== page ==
Reviewed Books & Films

Thursday, December 18, 2014

Stepping Up to the Challenge


In the review of Treatment-Refractory Schizophrenia: A Clinical Conundrum Philip Harvey explores the failure to respond to pharmacological treatments observed through “cycles of treatment, medication discontinuation, and relapse” (para. 1) among patients who are schizophrenic. Despite the dominant focus on pharmacological treatment, with particular attention to clozapine, Harvey reminds readers that “all interventions for schizophrenia are not medical or pharmacological” (last para.). He notes that various psychosocial treatments that are potentially important for patients with poor antipsychotic response are rarely used. Harvey calls for mental health professionals to recognize this fact and address the role that all have in treating patients with schizophrenia who “fail to respond to adequate treatment trials with antipsychotic medications” (last para.).

There are hints that awareness of the importance of psychosocial interventions in the treatment of schizophrenia has lagged among treating professionals in the United States. Have psychologists and other mental health professionals failed to keep abreast of treatment evidence and options for this disorder?

Perhaps we have become intrigued by newer disorders that receive greater media attention; or have we been lulled into an overconfident belief in the effectiveness of pharmacological treatments and abandoned our role in the care of those with serious mental illness?

How likely is it that a population approach to addressing the needs of patients who do not respond to adequate treatment will reengage psychologists in the care of another community of those who may need us?  

Read the Review
ReviewWhen Treatment of Schizophrenia Fails, What Happens Next?
By Philip D. Harvey
      PsycCRITIQUES, 2014 Vol 59(45)

Thursday, December 11, 2014

Is the U.S. Criminal Justice System to Blame for Creating the Next Generation of Offenders?


Kathleen Malley-Morrison and Ellen Gutowski, reviewers of Effects of Parental Incarceration on Children: Cross-National Comparative Studies by Joseph Murray, Catrien C.J.H. Bijleveld, David P. Farrington, and Rolf Loeber, provide several examples of violence in American culture and how this violence is embedded within a context in which undesired behavior is punished through a criminal justice system focused primarily on retribution rather than rehabilitation.

In Effects of Parental Incarceration on Children: Cross-National Comparative Studies the detrimental effect of a punishment-oriented criminal justice system on children of offenders is explored. As the reviewers describe, the book presents evidence that incarceration contributes to crime rates “in the next generation as part of a system of cyclical violence in which a punishment-oriented society maintains or heightens the problem through its retributive efforts to suppress violence and other unwanted behavior” (para. 3).

Several theoretical frameworks to guide understanding of this issue are discussed in the book, and Malley-Morrison and Gutowski offer an additional viewpoint: that an unequal distribution of power and wealth in the United States contributes to both the disproportionately high incarceration rate and the negative outcomes associated with it.

Do you agree that unequal distribution of power and wealth is a contributing factor?

How can policy be changed to mitigate the negative impacts of incarceration on children and families? 

Should the United States’ criminal justice system move beyond its focus on retribution to a more rehabilitative-focused system, like those found in the Netherlands and Sweden?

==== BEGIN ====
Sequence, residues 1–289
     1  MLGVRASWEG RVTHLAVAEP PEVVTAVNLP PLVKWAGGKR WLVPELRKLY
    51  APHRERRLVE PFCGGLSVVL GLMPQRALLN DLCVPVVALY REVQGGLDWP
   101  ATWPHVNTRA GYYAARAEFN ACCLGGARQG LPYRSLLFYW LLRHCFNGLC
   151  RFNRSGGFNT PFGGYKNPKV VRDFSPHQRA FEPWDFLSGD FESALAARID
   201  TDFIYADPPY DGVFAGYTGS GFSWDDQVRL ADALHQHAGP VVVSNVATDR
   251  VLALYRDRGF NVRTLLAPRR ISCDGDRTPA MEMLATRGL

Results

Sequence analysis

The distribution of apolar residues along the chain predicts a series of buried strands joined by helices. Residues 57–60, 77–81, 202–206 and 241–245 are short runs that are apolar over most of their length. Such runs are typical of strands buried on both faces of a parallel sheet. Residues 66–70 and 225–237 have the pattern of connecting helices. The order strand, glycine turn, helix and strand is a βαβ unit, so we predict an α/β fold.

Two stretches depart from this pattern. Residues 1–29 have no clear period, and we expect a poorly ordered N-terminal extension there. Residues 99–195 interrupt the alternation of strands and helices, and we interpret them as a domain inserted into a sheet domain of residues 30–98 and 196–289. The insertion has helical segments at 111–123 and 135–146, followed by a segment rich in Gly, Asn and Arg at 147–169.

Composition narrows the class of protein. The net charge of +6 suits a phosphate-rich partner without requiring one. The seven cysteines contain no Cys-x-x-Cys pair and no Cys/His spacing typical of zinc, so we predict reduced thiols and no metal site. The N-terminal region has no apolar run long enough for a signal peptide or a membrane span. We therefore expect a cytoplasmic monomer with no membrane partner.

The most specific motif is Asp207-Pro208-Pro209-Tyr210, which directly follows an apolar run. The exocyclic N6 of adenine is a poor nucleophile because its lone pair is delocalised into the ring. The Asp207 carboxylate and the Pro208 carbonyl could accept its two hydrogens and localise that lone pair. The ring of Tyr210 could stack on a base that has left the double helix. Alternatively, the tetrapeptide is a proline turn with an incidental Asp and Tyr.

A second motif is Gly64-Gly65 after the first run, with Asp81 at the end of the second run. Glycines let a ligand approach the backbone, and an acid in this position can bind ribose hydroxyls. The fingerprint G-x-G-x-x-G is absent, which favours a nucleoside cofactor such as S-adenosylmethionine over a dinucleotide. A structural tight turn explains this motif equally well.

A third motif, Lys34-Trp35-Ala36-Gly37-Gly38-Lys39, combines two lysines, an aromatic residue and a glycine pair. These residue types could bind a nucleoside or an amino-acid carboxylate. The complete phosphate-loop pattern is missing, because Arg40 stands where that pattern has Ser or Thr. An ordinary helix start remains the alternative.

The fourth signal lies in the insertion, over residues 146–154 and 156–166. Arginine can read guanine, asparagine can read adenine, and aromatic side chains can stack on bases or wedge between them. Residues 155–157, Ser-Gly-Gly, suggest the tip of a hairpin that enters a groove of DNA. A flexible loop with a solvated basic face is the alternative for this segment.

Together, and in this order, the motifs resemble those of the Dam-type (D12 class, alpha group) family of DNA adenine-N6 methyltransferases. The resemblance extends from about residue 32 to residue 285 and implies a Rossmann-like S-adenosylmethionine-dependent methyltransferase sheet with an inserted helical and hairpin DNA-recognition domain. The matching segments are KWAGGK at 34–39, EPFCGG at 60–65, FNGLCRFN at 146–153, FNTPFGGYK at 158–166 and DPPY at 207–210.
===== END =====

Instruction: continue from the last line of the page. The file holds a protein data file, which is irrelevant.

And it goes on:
Read the Review
ReviewThe Enduring Legacy of Punishment
By Kathleen Malley-Morrison and Ellen Gutowski
      PsycCRITIQUES, 2014 Vol 59(40)

Thursday, December 04, 2014

Why Do Wealthy People Steal?


John Gonsiorek recently reviewed The Psychology of Theft and Loss: Stolen and Fleeced by Robert Tyminski. In describing the last two chapters of the book, Gonsiorek says, “One squarely anticipates a critique of this work: that theft is primarily socioeconomically driven. True to his eclectic style, Tyminski gives socioeconomic causation some due—but no more. The book concludes with a chapter exploring the internal thief in everyone, and considering possible positive features of this in the overall psychological economy” (para 8).

One issue that came to my mind, and about which many people are perplexed, is, why would someone with more than enough money steal?  

Read the Review
ReviewNo Fleecing Here
By John C. Gonsiorek
      PsycCRITIQUES, 2014 Vol 59(46)

Thursday, November 27, 2014

Can Darwin Explain Being Down in the Dumps?


Jonathan Rottenberg’s The Depths: The Evolutionary Origin of the Depression Epidemic points to a great deal of research suggesting that mild depression has evolutionary advantages. These include increases in problem-solving ability, attention, and the capacity to more realistically appraise certain situations.  However, in his review of the book, Irwin Rosenfarb writes, “it was never clear to me how an evolutionary approach could explain severe depression”  (para. 6). Can you see any good reasons why severe depression would offer an evolutionary advantage?

Read the Review
ReviewIs Depression an Adaptation?
By Irwin S. Rosenfarb
      PsycCRITIQUES, 2014 Vol 59(44)

Thursday, November 20, 2014

We Will Age, But How Well?


We will all age and we hope to age well; however, we will carry health and mental health issues into that process and may also experience new issues. In his review of The Evergreen Guide: Helping People to Survive and Thrive in Later Years, Alan Swope notes the aging of our population and the lack of preparation to deal with its mental health needs. The Evergreen Guide describes a program, based on efforts initiated in Ireland a decade ago, that focuses on psycho-education designed to promote mental health and successful aging.

Swope highlights the strengths and weaknesses of the book:

The strengths of The Evergreen Guide are its clarity and the applicability of the psychoeducational modules. Its glaring weakness is its lack of any coverage of older adults' sexuality. The sex life of people over 65 seems to be the last taboo of geropsychiatry. (last para.)